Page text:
Kristian Bush, Craig Campbell & More Share the Stories Behind Their Songs at Tin Pan South
The impending threat of a storm didn’t stop music fans from flocking to Nashville’s 3rd & Lindsley Thursday evening (March 30) for the Tin Pan South Songwriters Festival. The night’s early showcase included performances by Craig Campbell, Kristian Bush, Rob Hatch, Justin Wilson and Steve Bogard.
The 90-minute set had the five songwriters sharing the stories behind their songs as well as some tales on how they’ve come to succeed in the Nashville music scene. Campbell documented the evening on his phone, warning his fellow songwriters that he’ll be Snapchatting them.
“Is that legal?” Hatch asked to which Wilson chimed in, “That’s not creepy at all.”
“Do what you do. I’m gonna do this. You’re fixin’ to get snapchatted,” Campbell asserted as the audience laughed.
The perfect segue into Bush’s comical song “Bar with a Pool In It,” the singer/songwriter shared that he thought of the song after walking into a resort and noticing a swim-up bar. “Why didn’t we think of this earlier as a culture?” he asked before singing the song with lines like “It’s got underwater stools in it. I can drink and never fall down.”
Several of the songwriters in the round have seen success writing songs for Randy Houser. Hatch recalled sitting at home on a Friday when Houser called him up, worried about not having enough songs to record in the studio the following Monday.
“Being a songwriter, I’m like, ‘Come on over to the house. Let’s see if we can find somethin,'” Hatch recalled. “He comes over and he says, ‘Man, I think I have something. Is this verse any good?’ and he plays the entire first verse. I’m like, ‘Hell yeah, man. That’s good. Let’s write that!'”
The two friends would then finish writing the song, “Goodnight Kiss,” with Jason Sellers. “It’s super weird to have any success at all in this and to have it with your friends is special,” Hatch concluded before performing the hit. Later, Wilson would agree, adding that Houser is one of his favorite singers.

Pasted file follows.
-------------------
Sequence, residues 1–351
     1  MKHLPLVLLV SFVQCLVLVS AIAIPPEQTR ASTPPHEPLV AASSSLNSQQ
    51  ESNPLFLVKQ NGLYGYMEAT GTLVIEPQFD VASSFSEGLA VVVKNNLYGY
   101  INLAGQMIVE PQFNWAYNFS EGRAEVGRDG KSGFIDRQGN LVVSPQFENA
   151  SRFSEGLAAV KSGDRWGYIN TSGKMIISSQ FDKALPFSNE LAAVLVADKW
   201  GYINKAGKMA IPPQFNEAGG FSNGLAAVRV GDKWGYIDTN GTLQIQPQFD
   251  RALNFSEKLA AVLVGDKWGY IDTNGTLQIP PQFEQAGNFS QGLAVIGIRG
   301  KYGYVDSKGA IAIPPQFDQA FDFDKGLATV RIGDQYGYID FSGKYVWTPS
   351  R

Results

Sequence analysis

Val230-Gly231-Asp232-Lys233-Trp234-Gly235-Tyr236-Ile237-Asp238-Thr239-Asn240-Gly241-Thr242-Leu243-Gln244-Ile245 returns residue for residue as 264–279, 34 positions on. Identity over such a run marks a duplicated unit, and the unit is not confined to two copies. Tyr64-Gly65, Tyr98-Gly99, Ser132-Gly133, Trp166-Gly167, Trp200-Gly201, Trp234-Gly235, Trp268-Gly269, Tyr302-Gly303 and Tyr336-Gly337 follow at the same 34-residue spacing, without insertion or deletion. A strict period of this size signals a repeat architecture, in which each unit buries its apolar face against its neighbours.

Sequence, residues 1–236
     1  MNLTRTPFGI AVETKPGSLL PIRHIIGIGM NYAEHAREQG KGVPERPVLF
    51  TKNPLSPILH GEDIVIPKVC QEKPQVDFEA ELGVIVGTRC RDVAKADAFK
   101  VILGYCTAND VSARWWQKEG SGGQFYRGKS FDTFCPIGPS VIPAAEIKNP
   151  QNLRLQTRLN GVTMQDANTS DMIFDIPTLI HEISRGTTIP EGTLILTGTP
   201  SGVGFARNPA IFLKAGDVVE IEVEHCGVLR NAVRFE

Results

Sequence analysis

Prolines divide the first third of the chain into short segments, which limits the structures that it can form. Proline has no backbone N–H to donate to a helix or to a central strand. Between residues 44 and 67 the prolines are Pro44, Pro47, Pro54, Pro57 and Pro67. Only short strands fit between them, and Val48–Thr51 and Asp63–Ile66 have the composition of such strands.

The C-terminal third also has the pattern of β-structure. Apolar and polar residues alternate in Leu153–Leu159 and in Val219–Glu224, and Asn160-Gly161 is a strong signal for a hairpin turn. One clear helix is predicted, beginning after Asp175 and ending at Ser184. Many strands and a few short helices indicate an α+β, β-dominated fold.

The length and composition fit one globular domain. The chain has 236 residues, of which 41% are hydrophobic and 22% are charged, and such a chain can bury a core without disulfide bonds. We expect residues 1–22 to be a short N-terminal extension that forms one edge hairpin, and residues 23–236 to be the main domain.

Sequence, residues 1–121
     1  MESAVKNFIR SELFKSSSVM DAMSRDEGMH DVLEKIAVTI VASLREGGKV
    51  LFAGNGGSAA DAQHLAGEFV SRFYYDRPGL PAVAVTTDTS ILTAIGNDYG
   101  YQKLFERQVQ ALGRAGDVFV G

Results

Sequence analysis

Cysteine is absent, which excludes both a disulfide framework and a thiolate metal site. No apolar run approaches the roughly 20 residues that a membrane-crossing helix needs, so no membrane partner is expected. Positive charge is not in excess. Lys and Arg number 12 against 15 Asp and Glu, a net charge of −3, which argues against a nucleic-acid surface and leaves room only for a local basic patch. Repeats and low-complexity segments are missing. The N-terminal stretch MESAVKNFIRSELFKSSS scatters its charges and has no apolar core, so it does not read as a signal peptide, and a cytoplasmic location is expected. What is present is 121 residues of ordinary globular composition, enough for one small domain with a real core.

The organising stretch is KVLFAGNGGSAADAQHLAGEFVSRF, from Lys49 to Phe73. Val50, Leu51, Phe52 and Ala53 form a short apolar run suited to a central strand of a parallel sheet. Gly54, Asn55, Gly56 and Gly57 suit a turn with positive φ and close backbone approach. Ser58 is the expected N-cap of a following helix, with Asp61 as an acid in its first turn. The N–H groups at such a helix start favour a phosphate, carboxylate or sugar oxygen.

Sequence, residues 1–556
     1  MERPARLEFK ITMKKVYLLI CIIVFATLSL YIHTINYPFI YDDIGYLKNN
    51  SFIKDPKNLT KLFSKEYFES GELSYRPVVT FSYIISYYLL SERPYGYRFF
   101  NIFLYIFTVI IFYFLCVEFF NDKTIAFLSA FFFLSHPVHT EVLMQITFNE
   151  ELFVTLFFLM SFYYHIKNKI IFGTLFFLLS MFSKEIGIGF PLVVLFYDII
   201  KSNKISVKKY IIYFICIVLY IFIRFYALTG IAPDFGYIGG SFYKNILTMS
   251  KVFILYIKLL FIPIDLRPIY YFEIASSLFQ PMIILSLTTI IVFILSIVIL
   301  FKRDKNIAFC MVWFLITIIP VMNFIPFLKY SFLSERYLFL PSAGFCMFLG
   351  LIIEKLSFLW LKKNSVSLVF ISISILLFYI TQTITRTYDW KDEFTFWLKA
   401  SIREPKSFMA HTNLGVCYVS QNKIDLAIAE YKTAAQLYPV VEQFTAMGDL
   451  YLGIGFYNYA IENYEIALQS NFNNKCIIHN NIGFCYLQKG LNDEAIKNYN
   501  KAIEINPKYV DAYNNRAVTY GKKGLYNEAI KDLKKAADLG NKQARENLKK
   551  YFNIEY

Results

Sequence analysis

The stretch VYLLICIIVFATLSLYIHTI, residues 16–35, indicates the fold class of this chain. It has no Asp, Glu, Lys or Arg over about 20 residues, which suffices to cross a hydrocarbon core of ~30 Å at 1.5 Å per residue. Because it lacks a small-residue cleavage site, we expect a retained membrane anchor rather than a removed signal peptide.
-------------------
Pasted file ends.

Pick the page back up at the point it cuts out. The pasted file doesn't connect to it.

“To have a song climb the charts with his voice on it that I was a part of writing is a special thing,” he said before he played his previous No. 1 hit from Houser, “We Went.”
Highlights throughout the evening included Bogard’s No. 1 hits with Dierks Bentley’s “Every Mile a Memory” and George Strait’s “Carrying Your Love With Me,” Hatch’s No. 1 “I Don’t Dance” that he co-wrote with Lee Brice and Campbell’s poignant single “Outskirts of Heaven.”
“I was sitting at the house one night and I was thinking about where I was gonna go when this life is over,” Campbell said of writing his current single. “I grew up Southern Baptist and I grew up in the middle of nowhere. If you read the Bible, it tells you heaven is going to have these bright lights and pearly gates and big mansions which is the total opposite of where I grew up. So I wrote this song as a prayer request.”
A powerful track, Campbell’s voice reverberated throughout the venue and had the audience and songwriters entranced. “Now I have to change my plans about heaven,” Bush admitted at the close of the song.
Later, Hatch shared insight into the struggles songwriters often face. While he admits that sometimes things happen quickly, that wasn’t the case for his song, “If Heaven Wasn’t So Far Away.”
“Sometimes it happens really fast. That shit did not happen with this song,” he said with a laugh. “This song stuck around for seven years and nobody wanted any part of it until Mr. Justin Moore showed up and saved my poor broke country ass. This is my first number one song.”
This theme came up several times throughout the night as later Bush reiterated Hatch’s statement before playing his first hit with Sugarland’s “Baby Girl.”
“If you’re out there and you’re just starting or you love to hear the stories, hit songs aren’t hit songs when you write them. It’s obvious but it is absolutely true,” Bush conceded. “Nobody even heard of our band and we never played in front of anybody. We never had co-written before. I had always written by myself. The thing that we had in common was that we had all asked our parents for money. I have a habit as writing all of my songs as wishes. This is a wish that if I could pay them back for all the money I borrowed I would.”
Tin Pan South runs through Saturday, April 1.